After the Second World War, growth was limited until designation as a New Town in the 1960s. Housing and population are expanding and a £1 billion regeneration of the city centre and surrounding area is under way; as in much of the United Kingdom, industrial employment has fallen, with a significant proportion of new jobs in financial services and distribution. EtymologyThe town's name changed to Burgh from the late tenth century after Abbot Kenulf had built a defensive wall around the abbey, developed into the form Peterborough; the contrasting form Gildenburgh is found in the 12th century history of the abbey, the Peterborough version of the Anglo-Saxon Chronicle and in a history of the abbey by the monk Hugh Candidus. Present-day Peterborough is the latest in a series of settlements which have at one time or other benefited from its site where the Nene leaves large areas of permanently drained land for the fens. Remains of Bronze Age settlement and what is thought to be religious activity can be seen at the Flag Fen archaeological site to the east of the city centre.
The Romans established a fortified garrison town at Durobrivae on Ermine Street, five miles to the west in Water Newton, around the middle of the 1st century AD. Durobrivae's earliest appearance among surviving records is in the Antonine Itinerary of the late 2nd century. There was a large 1st century Roman fort at Longthorpe, designed to house half a legion, or about 3,000 soldiers. Peterborough was an important area of ceramic production in the Roman period, providing Nene Valley Ware, traded as far away as Cornwall and the Antonine Wall, Caledonia. Peterborough is shown by its original name Medeshamstede to have been an Anglian settlement before AD 655, when Sexwulf founded a monastery on land granted to him for that purpose by Peada of Mercia, who converted to Christianity and was ruler of the smaller Middle Angles sub-group, his brother Wulfhere murdered his own sons converted and finished the monastery by way of atonement. Hereward the Wake rampaged through the town in 1069 or 1070. Outraged, Abbot Turold erected a fort or castle, from his name, was called Mont Turold: this mound, or hill, is on the outside of the deanery garden, now called Tout Hill, although in 1848 Tot-hill or Toot Hill.
The abbey church was rebuilt and enlarged in the 12th century. The Peterborough Chronicle, a version of the Anglo-Saxon one, contains unique information about the history of England after the Norman conquest, written here by monks in the 12th century; this is the only known prose history in English between the conquest and the 14th century. The burgesses received their first charter from "Abbot Robert" – Robert of Sutton; the place suffered materially in the war between King John and the confederate barons, many of whom took refuge in the monastery here and in Crowland Abbey, from which sanctuaries they were forced by the king's soldiers, who plundered the religious houses and carried off great treasures. The abbey church became one of Henry VIII's retained, more secular, cathedrals in 1541, having been assessed at the Dissolution as having revenue of £1,972.7s.0¾d per annum. When civil war broke out, Peterborough was divided between supporters of King Charles I and the Long Parliament; the city lay on the border of the Eastern Association of counties which sided with Parliament, the war reached Peterborough in 1643 when soldiers arrived in the city to attack Royalist strongholds at Stamford and Crowland.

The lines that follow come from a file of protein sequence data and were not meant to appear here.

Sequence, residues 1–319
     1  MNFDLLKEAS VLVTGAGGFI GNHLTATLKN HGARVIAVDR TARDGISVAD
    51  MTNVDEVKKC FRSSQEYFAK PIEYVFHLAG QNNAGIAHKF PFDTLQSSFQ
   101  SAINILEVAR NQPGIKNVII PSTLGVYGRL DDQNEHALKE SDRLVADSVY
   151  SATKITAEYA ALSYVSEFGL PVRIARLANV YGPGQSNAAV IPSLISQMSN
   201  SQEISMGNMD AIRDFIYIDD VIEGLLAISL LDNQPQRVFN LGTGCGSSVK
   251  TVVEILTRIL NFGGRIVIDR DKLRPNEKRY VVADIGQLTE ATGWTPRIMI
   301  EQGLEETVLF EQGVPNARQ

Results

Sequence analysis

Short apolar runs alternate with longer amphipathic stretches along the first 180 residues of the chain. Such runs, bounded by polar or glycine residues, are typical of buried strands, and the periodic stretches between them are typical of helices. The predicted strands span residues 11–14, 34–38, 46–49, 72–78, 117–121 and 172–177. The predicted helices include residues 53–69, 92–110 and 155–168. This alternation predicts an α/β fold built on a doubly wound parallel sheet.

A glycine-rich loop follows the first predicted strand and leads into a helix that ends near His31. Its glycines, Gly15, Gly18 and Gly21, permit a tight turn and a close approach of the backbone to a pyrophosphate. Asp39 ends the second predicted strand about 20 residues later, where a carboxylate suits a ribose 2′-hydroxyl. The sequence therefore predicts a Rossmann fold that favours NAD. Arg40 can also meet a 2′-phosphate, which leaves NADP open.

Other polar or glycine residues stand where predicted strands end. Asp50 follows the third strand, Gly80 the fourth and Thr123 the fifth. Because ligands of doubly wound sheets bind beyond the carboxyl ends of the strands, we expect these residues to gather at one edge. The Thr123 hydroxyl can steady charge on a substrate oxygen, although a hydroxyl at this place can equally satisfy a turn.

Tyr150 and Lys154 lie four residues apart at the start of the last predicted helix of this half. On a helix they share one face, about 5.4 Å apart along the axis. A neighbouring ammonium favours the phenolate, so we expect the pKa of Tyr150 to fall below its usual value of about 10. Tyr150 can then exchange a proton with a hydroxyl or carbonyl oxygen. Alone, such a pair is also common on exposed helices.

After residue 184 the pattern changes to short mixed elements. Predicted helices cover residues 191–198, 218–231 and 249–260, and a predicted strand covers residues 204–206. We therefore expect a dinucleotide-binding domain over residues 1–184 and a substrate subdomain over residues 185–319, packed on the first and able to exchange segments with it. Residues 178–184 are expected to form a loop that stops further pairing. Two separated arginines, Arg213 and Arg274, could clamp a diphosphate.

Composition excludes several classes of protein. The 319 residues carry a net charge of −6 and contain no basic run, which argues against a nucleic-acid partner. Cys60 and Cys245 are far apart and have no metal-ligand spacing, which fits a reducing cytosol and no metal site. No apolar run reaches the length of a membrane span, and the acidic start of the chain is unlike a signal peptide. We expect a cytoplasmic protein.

The Royalist forces were defeated within a few weeks and retreated to Burghley House, where they were captured and sent to Cambridge. While the Parliamentary soldiers were in Peterborough, they ransacked the cathedral, destroying the Lady Chapel, chapter house, high altar and choir stalls, as well as mediaeval decoration and records. Housing and sanitary improvements were effected under the provisions of an Act of Parliament passed in 1790. After the dissolution the dean and chapter, who succeeded the abbot as lords of the manor, appointed a high bailiff and the constables and other borough officers were elected at their court leet. Among the privileges claimed by the abbot as early as the 13th century was that of ha